Limitations of the study include its retrospective nature and the reliance on the assumption that patients with significant complications would be readmitted to our hospital. The applicability of the information from our review to infants treated for the IH is also limited because most of our study patients had multiple coexisting medical conditions in contrast to the relatively healthy population with IH. While our study patients differ in this respect, the doses used in our cohort for cardiac conditions were similar to those used for IH treatment.
While this study was not designed to capture the incidence of adverse effects of propranolol, over 500 infants were identified as having received propranolol, and no serious adverse effects resulting in hospitalization were detected. Furthermore, in only 10 (7.6%) of the 132 infants who underwent full medical chart review was propranolol treatment discontinued owing to adverse effects, supporting propranolol's relatively safe profile.5 Except for 1 patient, the adverse effect occurred 2 to 20 months after initiation of propranolol treatment, implying that serious adverse effects may be delayed and thus not detected by more intensive monitoring (ie, hospitalization) during the initiation of the drug treatment. While these findings are reassuring, only future large-scale prospective clinical trials will ensure the safety of propranolol and its position as first-line therapy for the treatment of IH.
Correspondence: Dr Holland, Department of Dermatology, Medical College of Wisconsin, 8701 Watertown Plank Rd, Milwaukee, WI 53226 (email@example.com).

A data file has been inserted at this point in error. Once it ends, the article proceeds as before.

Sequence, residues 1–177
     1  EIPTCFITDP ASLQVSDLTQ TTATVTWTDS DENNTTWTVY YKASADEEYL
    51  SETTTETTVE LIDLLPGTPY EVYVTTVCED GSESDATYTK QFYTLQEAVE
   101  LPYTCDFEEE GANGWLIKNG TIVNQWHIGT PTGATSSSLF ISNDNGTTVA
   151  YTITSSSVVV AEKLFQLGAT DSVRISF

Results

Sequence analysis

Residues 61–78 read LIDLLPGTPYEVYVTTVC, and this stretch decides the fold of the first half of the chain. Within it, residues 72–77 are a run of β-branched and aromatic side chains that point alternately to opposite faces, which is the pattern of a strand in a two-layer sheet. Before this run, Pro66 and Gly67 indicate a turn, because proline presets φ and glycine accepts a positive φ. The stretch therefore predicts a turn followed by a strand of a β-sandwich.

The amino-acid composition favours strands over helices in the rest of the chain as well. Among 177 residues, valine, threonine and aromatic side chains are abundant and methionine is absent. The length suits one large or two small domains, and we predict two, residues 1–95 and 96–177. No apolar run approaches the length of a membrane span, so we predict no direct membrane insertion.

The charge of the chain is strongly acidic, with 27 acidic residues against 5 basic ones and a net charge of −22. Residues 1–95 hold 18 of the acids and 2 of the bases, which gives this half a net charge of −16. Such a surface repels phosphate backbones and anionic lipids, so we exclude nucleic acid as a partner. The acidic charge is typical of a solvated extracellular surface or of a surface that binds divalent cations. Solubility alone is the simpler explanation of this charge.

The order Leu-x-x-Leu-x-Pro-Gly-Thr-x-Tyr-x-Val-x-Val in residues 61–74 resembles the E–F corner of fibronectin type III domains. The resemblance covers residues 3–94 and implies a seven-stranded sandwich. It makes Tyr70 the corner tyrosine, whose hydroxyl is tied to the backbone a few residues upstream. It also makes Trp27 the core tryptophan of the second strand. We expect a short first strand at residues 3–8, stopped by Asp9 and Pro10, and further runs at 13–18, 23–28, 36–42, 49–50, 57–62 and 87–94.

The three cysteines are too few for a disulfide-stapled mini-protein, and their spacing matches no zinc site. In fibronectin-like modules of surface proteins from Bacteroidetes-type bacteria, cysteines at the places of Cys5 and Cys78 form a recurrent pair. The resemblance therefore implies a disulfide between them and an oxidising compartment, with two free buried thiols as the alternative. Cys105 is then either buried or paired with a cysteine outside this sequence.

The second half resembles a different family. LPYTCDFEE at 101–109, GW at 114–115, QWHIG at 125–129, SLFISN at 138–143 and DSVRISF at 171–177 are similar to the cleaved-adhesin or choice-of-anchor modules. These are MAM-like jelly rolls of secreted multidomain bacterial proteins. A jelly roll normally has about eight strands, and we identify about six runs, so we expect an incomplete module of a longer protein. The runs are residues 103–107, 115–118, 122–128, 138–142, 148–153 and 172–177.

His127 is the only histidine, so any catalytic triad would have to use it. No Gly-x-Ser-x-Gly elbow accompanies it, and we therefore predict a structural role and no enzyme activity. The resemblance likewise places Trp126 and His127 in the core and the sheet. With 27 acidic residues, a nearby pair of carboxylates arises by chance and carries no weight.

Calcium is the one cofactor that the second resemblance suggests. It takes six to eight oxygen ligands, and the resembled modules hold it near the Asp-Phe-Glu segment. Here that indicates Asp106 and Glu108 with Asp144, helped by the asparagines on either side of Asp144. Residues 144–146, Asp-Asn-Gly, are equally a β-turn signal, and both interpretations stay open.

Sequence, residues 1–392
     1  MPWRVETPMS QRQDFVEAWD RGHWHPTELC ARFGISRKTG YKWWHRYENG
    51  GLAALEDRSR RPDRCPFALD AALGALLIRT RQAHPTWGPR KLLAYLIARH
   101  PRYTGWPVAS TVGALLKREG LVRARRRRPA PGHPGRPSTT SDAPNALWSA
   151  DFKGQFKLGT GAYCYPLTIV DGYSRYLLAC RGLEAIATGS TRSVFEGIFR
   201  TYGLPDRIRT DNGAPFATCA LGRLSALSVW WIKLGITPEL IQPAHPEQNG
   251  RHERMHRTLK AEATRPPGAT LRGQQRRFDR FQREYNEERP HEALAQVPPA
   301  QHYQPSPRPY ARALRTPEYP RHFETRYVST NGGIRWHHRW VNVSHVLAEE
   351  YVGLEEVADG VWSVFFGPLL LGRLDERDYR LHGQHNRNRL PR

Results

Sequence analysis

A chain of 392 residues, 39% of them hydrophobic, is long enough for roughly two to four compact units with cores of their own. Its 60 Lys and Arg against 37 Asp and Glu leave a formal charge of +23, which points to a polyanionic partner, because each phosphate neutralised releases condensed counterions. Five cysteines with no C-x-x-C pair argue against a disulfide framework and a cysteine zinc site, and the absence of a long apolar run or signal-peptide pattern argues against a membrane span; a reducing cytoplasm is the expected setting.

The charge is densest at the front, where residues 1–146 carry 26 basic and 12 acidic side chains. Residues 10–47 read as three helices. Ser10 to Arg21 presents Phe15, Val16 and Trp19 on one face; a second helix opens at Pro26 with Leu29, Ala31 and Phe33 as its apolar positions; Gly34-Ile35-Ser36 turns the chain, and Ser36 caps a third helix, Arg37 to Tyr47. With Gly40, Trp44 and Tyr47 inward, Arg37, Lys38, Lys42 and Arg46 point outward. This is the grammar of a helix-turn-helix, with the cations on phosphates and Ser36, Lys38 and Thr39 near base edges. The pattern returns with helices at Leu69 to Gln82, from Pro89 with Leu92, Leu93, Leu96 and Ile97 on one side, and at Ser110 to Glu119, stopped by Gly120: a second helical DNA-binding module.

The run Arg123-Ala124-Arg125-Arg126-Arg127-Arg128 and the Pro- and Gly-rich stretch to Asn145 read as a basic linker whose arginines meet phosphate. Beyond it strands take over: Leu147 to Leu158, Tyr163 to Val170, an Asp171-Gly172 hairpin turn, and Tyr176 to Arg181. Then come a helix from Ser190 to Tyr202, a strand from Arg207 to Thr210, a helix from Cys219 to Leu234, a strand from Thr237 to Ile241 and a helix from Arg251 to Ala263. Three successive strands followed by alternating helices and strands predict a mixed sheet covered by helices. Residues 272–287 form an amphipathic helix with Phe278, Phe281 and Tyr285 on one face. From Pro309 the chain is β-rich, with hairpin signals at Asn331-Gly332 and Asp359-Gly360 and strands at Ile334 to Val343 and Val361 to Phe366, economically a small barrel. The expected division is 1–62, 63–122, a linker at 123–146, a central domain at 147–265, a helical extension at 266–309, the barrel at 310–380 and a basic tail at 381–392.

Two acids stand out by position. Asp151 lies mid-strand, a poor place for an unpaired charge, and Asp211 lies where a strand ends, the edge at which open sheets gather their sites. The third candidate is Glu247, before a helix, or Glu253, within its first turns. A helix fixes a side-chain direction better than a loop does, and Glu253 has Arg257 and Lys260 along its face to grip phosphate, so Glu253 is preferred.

Accepted for Publication: October 23, 2012.
Author Contributions: Mss Kwon and Joachim and Dr Holland had full access to all of the data in the study and take responsibility for the integrity of the data and the accuracy of the data analysis. Study concept and design: Drolet and Holland. Acquisition of data: Kwon, Joachim, Drolet, and Holland. Analysis and interpretation of data: Kwon, Siegel, Drolet, and Holland. Drafting of the manuscript: Kwon, Drolet, and Holland. Critical revision of the manuscript for important intellectual content: Kwon, Joachim, Siegel, Drolet, and Holland. Obtained funding: Drolet. Administrative, technical, and material support: Kwon, Joachim, and Drolet. Study supervision: Drolet and Holland.
Conflict of Interest Disclosures: None reported.
Funding/Support: This study was supported in part by National Institutes of Health grant 1R34AR060881-01 (Dr Drolet).
Role of the Sponsors: The sponsors had no role in the design and conduct of the study; in the collection, analysis, and interpretation of data; or in the preparation, review, or approval of the manuscript.